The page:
Eagle Pass; Or, Life On The Border. Cora Montgomery, Jane Maria Eliza Storms Cazneau.
Eagle Pass; Or, Life On The Border
EARLY TEXAS MEMOIR WRITTEN BY A WOMAN JOURNALIST

Eagle Pass; Or, Life On The Border

New York: George Putnam & Co., 1852. Item #560

12mo. 110 x 65 mm. (6 ¾ x 4 ¾ inches). 188 pp. Binding absent and spine exposed. This is the textblock only. Some damp staining to title page and edges, but text is unaffected. Pages overall clean and unmarked.  


 A memoir by journalist Jane Cazneau, using the penname Cora Montgomery, about her experience living on the Mexican border in Texas in the early 1850s. In it, she asserts that legal Texas residents are being kidnapped and forced into “Peon Slavery” in Mexico and in the ‘Introduction’ she pleads for assistance from authorities. In his Bibliography of Texas, Raines calls it, “An unpleasant picture of maladministration on the Rio Grande.”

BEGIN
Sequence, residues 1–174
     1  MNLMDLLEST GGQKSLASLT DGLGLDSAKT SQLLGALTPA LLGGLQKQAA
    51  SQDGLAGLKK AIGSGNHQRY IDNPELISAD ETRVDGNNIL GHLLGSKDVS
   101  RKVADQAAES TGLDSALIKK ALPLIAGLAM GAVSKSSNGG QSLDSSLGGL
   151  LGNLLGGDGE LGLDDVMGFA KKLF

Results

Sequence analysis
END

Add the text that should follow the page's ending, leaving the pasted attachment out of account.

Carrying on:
Cazneau wrote extensively during her lifetime and was a  reporter for the New York Sun among other publications. During the Mexican War, she reported from behind enemy lines, becoming one of the first women war correspondents. She strongly believed in Manifest Destiny, possibly even coining the phrase, and supported, U.S. annexation of Mexico and, with it, slavery in the South. Because of her nationalist views, however, she ultimately opposed succession of the Confederacy during the Civil War.  


 Sabin 50123.  Howes C251. Raines, A Bibliography of Texas: pp. 151–52.  Reilly, Tom, “Jane McManus Storms: Letters from the Mexican War, 1846-1848”, The Southwestern Historical Quarterly Vol. 85, No. 1 (July, 1981), pp. 21-44. Elizabeth Piedmont-Marton, “Manifest Destiny,” Texas Observer, August 3, 2001.

.

Price: $100.00